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South River Watershed Alliance asks U.S. Court of Appeals to help halt sewer spills

By David Pendered

The South River Watershed Alliance has turned to the U.S. Court of Appeals in Atlanta in its effort to compel DeKalb County to stop spilling sewage from sewer pipes in all of DeKalb, not just a third of the county as is now the case.

The South River, seen here at Panola Shoals, transports untreated sewage that leaks from DeKalb County’s sewerage system. A federal lawsuit seeks to halt the leaks. Credit: Kelly Jordan

The alliance has appealed a September ruling by U.S. District Court Judge Steven Grimberg, who ruled that a federal court cannot intervene in a consent decree that’s been signed by the federal Environmental Protection Agency.

“The decision to appeal the judge’s ruling was made because the health and welfare of the County’s citizens and waterways and elimination of sanitary sewage spills depend on compliance with the CWA [Clean Water Act],” the alliance observed in a statement.

The alliance also has raised an equity issue: The county is repairing the sewerage system in historically white neighborhoods and not making repairs in historically Black neighborhoods, under terms of a federal consent decree signed by the county, the state and the federal Environmental Protection Agency.

An estimated 32 million gallons of untreated sewage has spilled since 2014 into waterways from leaking sewer pipes that are not being addressed under provisions of the federal consent decree. DeKalb promised in the decree to stop spilling sewage, but the alliance contends the decree is faulty because it covers just a third of the county – the historically white neighborhoods.

Jackie Echols, president of South River Watershed Alliance’s board, observed in the statement:

dekalb consent decree, priority areas

DeKalb County’s original federal consent decree, to stop polluting waterways, contained these priority areas. A federal judge has dismissed a case that contended two thirds of the raw sewage spilled in DeKalb is outside the purview of the consent decree. File/Credit: Federal consent decree, U.S. District Court in Atlanta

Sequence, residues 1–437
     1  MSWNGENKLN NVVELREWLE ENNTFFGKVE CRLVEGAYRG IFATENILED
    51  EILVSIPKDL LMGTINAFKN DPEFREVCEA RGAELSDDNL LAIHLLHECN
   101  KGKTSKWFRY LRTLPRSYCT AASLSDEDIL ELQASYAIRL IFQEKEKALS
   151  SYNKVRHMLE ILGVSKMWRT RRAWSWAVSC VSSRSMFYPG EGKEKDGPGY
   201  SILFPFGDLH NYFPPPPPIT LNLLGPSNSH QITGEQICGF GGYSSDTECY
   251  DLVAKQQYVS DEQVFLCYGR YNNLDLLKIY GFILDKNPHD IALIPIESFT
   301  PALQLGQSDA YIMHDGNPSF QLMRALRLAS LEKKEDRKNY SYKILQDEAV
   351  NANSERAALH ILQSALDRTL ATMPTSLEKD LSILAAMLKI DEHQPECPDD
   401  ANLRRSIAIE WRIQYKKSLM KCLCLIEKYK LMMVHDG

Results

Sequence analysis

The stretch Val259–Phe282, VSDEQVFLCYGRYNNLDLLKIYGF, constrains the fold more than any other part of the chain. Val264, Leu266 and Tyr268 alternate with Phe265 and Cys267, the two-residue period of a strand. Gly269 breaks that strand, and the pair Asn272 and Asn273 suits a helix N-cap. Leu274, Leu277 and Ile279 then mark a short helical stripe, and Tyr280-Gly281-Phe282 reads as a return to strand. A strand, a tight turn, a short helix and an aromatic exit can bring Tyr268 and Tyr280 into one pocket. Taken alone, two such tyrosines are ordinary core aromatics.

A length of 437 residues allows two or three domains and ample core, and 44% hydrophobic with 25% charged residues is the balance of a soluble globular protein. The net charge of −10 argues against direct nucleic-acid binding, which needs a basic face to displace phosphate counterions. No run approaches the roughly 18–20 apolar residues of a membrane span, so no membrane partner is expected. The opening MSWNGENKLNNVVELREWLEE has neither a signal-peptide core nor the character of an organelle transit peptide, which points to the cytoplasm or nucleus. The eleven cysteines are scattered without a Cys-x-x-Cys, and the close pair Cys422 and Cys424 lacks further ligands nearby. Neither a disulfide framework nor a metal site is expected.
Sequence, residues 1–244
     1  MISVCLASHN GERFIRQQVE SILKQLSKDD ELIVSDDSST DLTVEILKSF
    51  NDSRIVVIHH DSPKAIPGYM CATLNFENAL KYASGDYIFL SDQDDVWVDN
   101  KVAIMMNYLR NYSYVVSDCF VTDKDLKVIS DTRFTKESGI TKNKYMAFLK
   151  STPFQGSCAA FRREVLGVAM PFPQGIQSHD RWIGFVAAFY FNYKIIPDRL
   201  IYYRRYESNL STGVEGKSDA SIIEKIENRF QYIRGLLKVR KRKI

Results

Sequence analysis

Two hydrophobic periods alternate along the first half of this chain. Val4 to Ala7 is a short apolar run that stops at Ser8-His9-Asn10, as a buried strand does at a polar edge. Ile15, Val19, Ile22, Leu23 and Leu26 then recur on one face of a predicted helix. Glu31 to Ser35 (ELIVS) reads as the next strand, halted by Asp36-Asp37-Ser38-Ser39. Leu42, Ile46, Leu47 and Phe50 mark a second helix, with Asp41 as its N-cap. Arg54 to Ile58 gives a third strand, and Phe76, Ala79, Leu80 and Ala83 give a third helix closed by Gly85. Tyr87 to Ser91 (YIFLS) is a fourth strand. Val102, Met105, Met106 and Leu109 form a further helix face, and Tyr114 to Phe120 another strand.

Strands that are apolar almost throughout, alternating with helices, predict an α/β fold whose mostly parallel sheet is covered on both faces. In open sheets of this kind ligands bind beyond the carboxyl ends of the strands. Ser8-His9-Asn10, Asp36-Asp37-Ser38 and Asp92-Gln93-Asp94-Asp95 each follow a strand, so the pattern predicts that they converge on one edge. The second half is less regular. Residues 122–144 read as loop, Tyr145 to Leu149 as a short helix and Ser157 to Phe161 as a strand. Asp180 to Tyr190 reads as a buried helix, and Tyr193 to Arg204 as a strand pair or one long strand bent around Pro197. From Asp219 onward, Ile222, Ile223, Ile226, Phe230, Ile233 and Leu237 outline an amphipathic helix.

• “Before the 2010 consent decree, DeKalb County polluted the South River and surrounding communities for almost 50 years under the watchful eye of GA EPD and EPA, and this unfortunate situation continues today.
  • “The Clean Water Act is the law and its protections should apply to everyone equally, Judge Grimberg’s ruling denies DeKalb County residents equal protection under the law and that’s just plain wrong.
  • “Protection for some is not equivalent to protect for all.”

The statement refers to Georgia’s Environmental Protection Division, of the state Department of Natural Resources.

The alliance filed a citizen lawsuit in 2019 under the federal Clean Water Act.

The lawsuit contended that the federal consent decree compelling the county to stop leaks in one-third of the county should have been written to cover the entire county.

Grimberg’s ruling noted that he is in “agreement with Plaintiffs’ ultimate goals….” However, he wrote, a judge is precluded from opening up the consent agreement by a 2007 ruling by a federal appellate judge in an Oklahoma case.

In deciding to appeal Grimberg’s ruling, the alliance has concluded that the Grimberg ruling cannot stand because it “eliminates the Clean Water Act’s protection from two-thirds of DeKalb County, and for all of the South River,” as Echols said following the ruling.

The alliance appealed Grimberg’s opinion and order to the U.S. 11th Circuit Court of Appeals, in Atlanta. The appeal statement filed on Oct. 11 cites two issues that are to be raised:

  • “The Clean water Act bars citizen enforcement of the Act when the U.S. Environmental Protection Agency or the State ‘has commenced and is diligently prosecuting’ an action in court ‘to require compliance’ with the same standard or limitation. =33 U.S.C. ~ 1365(b)(1)(B). Sewage spills violate a Clean Water Act effluent standard or limitation.
  • “DeKalb County’s sewer system includes a ‘Priority Areas’ and ‘Non-Priority Areas.’ The issue in this appeal is whether a 2011 Consent Decree bars a Clean Water Acti citizen suit for sewage spills in Non-Priority Areas when the Consent decree did not include anyt deadline for DeKalb County to rehabilitate the sewer system within Non-Priority Areas and did not require the County to stop sewage spills in Non-Priority Areas.”

 

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David Pendered

David Pendered, Managing Editor, is an Atlanta journalist with more than 30 years experience reporting on the region’s urban affairs, from Atlanta City Hall to the state Capitol. Since 2008, he has written for print and digital publications, and advised on media and governmental affairs. Previously, he spent more than 26 years with The Atlanta Journal-Constitution and won awards for his coverage of schools and urban development. David graduated from North Carolina State University and was a Western Knight Center Fellow.

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